Ancient piñon-juniper woodlands: a natural history of Mesa Verde country
M. Lisa Floyd.
University Press of Colorado, Nov 1, 2003 - Nature - 389 pages
This book gathers together noted scientists and historians to celebrate the varied and unique woodland region surrounding Mesa Verde National Park. One of the most widespread habitat types in the West, piñon-juniper woodlands have faced extensive eradication, grazing pressures, and the encroachment of human developments, and, consequently, only a few mature stands have reached their full growth potential. Mesa Verde Country, with its deep canyons and high ridgetops, is the magnificent home of many of these ancient stands. Impressively broad in scope, Floyd's volume thoroughly explores Mesa Verde Country's important and historic ecosystem. Covering such diverse topics as geologic evolution, natural history, human history, bats, and fungi, to name but a few, this volume will appeal to scientists, resource managers, conservationists, and the lay reader with an interest in this most western of ecosystems.
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Bats of the PiﬁonJuniper Woodlands of Southwestern
Reptiles and Amphibians of the PiﬁonJuniper Woodlands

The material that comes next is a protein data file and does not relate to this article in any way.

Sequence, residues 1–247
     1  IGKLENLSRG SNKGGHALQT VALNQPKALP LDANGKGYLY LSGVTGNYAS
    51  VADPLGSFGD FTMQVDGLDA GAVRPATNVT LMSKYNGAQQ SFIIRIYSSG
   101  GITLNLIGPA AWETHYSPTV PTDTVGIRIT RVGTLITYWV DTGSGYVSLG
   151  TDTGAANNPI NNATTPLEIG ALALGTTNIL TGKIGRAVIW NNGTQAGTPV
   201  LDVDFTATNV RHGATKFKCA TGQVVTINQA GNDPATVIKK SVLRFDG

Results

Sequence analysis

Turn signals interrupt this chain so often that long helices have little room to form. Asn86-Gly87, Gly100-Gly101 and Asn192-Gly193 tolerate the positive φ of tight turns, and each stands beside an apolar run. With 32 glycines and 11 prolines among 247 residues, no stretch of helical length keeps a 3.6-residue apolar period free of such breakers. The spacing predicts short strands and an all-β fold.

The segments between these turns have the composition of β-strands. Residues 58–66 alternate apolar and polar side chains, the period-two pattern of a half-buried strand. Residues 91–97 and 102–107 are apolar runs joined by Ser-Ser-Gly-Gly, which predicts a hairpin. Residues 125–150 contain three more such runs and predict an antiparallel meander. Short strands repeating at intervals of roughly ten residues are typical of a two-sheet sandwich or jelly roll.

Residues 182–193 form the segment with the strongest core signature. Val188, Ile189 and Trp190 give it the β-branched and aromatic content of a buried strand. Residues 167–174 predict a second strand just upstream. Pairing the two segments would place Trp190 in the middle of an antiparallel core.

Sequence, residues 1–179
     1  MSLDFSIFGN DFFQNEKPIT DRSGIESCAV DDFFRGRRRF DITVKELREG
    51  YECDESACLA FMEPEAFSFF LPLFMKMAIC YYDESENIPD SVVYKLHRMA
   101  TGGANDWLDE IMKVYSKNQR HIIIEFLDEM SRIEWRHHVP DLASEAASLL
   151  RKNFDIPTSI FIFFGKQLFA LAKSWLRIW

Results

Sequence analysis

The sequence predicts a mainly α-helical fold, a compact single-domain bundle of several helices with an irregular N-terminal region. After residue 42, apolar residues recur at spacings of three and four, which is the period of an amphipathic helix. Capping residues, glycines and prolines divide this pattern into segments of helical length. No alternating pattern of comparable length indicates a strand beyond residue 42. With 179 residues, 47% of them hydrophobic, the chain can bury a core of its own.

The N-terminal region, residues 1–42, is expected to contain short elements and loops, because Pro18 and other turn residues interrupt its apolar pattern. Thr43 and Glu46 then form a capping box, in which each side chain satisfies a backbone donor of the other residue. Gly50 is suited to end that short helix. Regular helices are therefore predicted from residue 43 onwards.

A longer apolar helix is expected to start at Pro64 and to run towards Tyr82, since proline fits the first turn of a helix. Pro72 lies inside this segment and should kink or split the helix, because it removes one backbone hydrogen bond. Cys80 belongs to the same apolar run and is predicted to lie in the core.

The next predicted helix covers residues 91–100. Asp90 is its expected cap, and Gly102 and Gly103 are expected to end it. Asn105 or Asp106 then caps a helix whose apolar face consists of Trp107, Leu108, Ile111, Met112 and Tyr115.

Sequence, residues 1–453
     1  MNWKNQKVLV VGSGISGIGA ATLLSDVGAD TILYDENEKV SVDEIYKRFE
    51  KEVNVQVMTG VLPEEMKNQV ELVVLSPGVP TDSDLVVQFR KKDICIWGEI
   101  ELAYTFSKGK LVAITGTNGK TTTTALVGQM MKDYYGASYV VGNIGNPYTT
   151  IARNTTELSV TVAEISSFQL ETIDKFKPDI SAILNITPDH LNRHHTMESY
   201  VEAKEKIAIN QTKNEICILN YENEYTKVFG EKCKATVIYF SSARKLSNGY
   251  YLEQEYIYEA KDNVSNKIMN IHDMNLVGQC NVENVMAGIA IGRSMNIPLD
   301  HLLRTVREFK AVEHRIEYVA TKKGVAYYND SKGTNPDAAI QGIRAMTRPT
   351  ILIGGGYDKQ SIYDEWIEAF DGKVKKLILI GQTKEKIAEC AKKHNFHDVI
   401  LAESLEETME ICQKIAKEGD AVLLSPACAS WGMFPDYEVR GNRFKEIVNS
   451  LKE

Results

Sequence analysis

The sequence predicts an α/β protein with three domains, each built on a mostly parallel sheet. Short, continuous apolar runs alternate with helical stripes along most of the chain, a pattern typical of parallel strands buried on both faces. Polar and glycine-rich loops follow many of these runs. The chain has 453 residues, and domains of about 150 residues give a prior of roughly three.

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abundant alluvium amphibians Ancestral Pueblo bark Basin bats beetles Belnap birds breeding burned Canyon cattle century Chapter Cliff House Sandstone climate Colorado Plateau common Cortez cyanobacteria deer deposits Dolores Dolores River Durango ecological ecosystems elevations eolian erosion ﬁelds Figure ﬁnd ﬁre ﬁrst ﬁve ﬂow forage forests Formation Four Corners fungi Gambel oak geologic grasses grazing habitat inﬂuence insects juniper woodlands land lichens mammals Mancos Shale Mesa Verde Country Mesa Verde cuesta Mesa Verde National Mexico mice moisture native non-native Nusbaum old-growth piﬁon-juniper woodlands piﬁon and juniper piﬁon pine piﬁon-juniper woodlands plants ponderosa ponderosa pine pools precipitation prehistoric region River rocks roost San Juan Mountains sediments seeds shrublands shrubs signiﬁcant slopes soil crusts Southwest southwestern Colorado species speciﬁc spring summer surface temperature tion toads trees understory Utah vegetation Verde National Park western Wetherill Mesa wildﬁres winter wood